2020-2021 ICPC, NERC, Southern and Volga Russian Regional Contest (Online Mirror, ICPC Rules) |
---|

Finished |

Virtual contest is a way to take part in past contest, as close as possible to participation on time. It is supported only ICPC mode for virtual contests.
If you've seen these problems, a virtual contest is not for you - solve these problems in the archive.
If you just want to solve some problem from a contest, a virtual contest is not for you - solve this problem in the archive.
Never use someone else's code, read the tutorials or communicate with other person during a virtual contest.

No tag edit access

The problem statement has recently been changed. View the changes.

×
B. Bakery

time limit per test

2 secondsmemory limit per test

512 megabytesinput

standard inputoutput

standard outputMonocarp would like to open a bakery in his local area. But, at first, he should figure out whether he can compete with other shops.

Monocarp plans that the bakery will work for $$$n$$$ days. On the $$$i$$$-th day, $$$a_i$$$ loaves of bread will be baked in the morning before the opening. At the end of the $$$n$$$-th day, Monocarp will sell all the remaining bread that wasn't sold earlier with a huge discount.

Because of how bread is stored, the bakery seller sells the bread in the following order: firstly, he sells the loaves that were baked that morning; secondly, he sells the loaves that were baked the day before and weren't sold yet; then the loaves that were baked two days before and weren't sold yet, and so on. That's why some customers may buy a rather stale bread and will definitely spread negative rumors.

Let's define loaf spoilage as the difference between the day it was baked and the day it was sold. Then the unattractiveness of the bakery will be equal to the maximum spoilage among all loaves of bread baked at the bakery.

Suppose Monocarp's local area has consumer demand equal to $$$k$$$, it means that each day $$$k$$$ customers will come to the bakery and each of them will ask for one loaf of bread (the loaves are sold according to the aforementioned order). If there is no bread left, then the person just doesn't buy anything. During the last day sale, all the remaining loaves will be sold (and they will still count in the calculation of the unattractiveness).

Monocarp analyzed his competitors' data and came up with $$$m$$$ possible consumer demand values $$$k_1, k_2, \dots, k_m$$$, and now he'd like to calculate the unattractiveness of the bakery for each value of demand. Can you help him?

Input

The first line contains two integers $$$n$$$ and $$$m$$$ ($$$1 \le n \le 2 \cdot 10^5$$$; $$$1 \le m \le 2 \cdot 10^5$$$) — the number of days the bakery is open and the number of possible values of consumer demand.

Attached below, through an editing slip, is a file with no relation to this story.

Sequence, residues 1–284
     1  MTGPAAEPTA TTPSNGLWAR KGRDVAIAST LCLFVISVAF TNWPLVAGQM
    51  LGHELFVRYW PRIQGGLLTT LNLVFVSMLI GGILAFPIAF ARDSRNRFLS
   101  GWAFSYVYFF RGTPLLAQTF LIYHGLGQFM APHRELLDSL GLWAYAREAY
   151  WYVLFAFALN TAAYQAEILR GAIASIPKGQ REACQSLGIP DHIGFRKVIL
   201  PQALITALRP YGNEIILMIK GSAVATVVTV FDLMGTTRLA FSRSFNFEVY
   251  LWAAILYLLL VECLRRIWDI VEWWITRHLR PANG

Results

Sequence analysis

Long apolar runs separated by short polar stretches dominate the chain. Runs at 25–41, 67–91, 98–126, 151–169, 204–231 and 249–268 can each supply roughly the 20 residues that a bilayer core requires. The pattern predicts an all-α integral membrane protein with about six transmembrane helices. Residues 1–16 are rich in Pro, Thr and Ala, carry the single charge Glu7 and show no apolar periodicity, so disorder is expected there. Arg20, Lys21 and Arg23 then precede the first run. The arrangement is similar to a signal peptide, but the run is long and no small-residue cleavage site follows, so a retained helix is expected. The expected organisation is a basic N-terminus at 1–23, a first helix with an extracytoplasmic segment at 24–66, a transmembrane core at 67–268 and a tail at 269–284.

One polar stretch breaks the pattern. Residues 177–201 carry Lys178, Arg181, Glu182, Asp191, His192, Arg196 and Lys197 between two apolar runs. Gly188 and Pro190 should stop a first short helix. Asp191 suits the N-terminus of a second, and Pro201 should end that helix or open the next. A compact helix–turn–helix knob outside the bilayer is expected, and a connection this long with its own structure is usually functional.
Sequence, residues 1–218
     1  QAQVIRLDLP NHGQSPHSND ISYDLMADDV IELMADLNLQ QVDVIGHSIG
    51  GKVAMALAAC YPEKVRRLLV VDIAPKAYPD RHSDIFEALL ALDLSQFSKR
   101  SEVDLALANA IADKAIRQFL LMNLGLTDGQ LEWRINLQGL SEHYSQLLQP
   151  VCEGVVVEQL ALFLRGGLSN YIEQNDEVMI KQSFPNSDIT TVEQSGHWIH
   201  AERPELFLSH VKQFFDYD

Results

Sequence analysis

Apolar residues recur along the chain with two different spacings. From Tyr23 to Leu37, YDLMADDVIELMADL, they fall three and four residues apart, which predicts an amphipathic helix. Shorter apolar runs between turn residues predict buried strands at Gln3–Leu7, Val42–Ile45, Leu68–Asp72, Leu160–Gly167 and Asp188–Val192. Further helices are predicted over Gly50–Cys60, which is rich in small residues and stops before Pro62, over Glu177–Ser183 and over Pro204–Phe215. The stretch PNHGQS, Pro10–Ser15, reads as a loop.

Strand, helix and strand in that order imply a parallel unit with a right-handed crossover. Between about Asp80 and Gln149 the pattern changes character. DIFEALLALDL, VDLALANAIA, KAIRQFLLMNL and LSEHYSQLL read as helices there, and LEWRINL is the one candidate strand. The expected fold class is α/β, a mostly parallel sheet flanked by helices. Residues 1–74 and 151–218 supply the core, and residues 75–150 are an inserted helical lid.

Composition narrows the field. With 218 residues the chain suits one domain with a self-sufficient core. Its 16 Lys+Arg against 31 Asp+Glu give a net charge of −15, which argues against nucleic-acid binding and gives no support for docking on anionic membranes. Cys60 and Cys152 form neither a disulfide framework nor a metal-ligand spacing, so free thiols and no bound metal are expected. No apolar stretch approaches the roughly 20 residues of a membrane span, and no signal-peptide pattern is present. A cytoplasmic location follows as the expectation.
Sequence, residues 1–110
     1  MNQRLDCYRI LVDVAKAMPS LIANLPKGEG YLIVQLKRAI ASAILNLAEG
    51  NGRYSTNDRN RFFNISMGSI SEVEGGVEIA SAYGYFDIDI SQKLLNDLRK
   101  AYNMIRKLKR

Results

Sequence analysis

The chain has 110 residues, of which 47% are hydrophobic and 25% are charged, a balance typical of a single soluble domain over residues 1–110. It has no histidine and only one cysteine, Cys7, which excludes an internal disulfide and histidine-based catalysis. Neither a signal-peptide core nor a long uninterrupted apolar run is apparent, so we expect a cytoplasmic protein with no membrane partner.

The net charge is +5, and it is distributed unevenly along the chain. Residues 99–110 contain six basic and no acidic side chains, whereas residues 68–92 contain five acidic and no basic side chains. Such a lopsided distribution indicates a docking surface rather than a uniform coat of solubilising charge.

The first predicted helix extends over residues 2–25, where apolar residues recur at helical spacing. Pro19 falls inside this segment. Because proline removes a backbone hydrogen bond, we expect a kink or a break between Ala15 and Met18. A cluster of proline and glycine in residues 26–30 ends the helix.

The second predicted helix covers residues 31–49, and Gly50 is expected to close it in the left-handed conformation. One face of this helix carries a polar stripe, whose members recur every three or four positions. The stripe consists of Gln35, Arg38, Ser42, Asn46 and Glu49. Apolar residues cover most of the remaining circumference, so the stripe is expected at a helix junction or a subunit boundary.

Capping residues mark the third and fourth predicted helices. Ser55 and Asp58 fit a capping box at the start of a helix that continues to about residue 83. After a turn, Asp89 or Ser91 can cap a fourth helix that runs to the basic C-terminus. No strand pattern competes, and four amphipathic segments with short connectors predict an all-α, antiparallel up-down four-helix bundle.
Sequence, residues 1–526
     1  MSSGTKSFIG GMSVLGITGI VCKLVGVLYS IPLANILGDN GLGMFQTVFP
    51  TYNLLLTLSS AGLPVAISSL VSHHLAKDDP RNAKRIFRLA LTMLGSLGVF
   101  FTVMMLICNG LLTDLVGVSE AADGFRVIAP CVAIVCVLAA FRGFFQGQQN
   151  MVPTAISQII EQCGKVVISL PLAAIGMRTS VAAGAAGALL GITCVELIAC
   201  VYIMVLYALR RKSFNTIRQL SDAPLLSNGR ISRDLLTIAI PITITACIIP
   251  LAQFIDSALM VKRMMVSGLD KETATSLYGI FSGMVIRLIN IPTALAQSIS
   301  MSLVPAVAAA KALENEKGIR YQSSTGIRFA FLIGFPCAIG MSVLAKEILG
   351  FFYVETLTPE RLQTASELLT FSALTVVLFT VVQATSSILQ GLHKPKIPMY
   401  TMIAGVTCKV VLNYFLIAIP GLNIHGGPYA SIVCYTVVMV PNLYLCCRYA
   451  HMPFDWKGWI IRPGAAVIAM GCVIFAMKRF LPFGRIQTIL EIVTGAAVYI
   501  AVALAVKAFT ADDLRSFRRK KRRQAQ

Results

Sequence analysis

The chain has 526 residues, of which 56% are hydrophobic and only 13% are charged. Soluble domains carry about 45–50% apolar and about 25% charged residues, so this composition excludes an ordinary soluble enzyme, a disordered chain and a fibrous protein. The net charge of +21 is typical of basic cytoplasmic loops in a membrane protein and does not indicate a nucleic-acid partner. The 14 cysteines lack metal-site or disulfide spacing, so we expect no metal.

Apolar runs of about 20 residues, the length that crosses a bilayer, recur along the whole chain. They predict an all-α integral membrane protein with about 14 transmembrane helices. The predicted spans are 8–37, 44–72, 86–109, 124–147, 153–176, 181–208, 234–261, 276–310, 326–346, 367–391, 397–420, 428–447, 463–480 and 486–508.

The second line contains $$$n$$$ integers $$$a_1, a_2, \dots, a_n$$$ ($$$1 \le a_i \le 10^9$$$) — the number of bread loaves that will be baked each day.

The third line contains $$$m$$$ integers $$$k_1, k_2, \dots, k_m$$$ ($$$1 \le k_1 < k_2 < \dots < k_m \le 10^9$$$) — the possible consumer demand values in the ascending order.

Output

Print $$$m$$$ integers: for each consumer demand, print the unattractiveness of the bakery.

Examples

Input

5 4 5 2 1 3 7 1 3 4 10

Output

4 2 1 0

Input

8 9 3 1 4 1 5 9 2 6 1 2 3 4 5 6 7 8 9

Output

7 5 3 3 2 1 1 1 0

Note

In the first example, let's describe what happens for couple consumer demands:

If consumer demand is equal to $$$1$$$:

- at day $$$1$$$: $$$5$$$ loaves are baked and only $$$1$$$ is sold with spoilage equal to $$$1 - 1 = 0$$$;
- at day $$$2$$$: $$$4$$$ loaves are left and $$$2$$$ more are baked. Only $$$1$$$ loaf was sold and it was the loaf baked today with spoilage $$$2 - 2 = 0$$$;
- at day $$$3$$$: $$$4$$$ loaves from the first day and $$$1$$$ loaf from the second day left. One more loaf was baked and was sold this day with spoilage $$$3 - 3 = 0$$$;
- at day $$$4$$$: $$$4$$$ loaves from the first day and $$$1$$$ loaf from the second day left. $$$3$$$ more loaves were baked and one of them was sold this day with spoilage $$$4 - 4 = 0$$$;
- at day $$$5$$$: $$$4$$$ loaves from the first day, $$$1$$$ loaf from the second day and $$$2$$$ loaves from the fourth day left. $$$7$$$ more loaves were baked and, since it's the last day, all $$$14$$$ loaves were sold. $$$4$$$ loaves from the first day have the maximum spoilage equal to $$$5 - 1 = 4$$$.

If consumer demand is equal to $$$10$$$ then all baked bread will be sold in the day it was baked and will have spoilage equal to $$$0$$$.

Codeforces (c) Copyright 2010-2021 Mike Mirzayanov

The only programming contests Web 2.0 platform

Server time: Jun/14/2021 06:32:37 (h1).

Desktop version, switch to mobile version.

Supported by

User lists

Name |
---|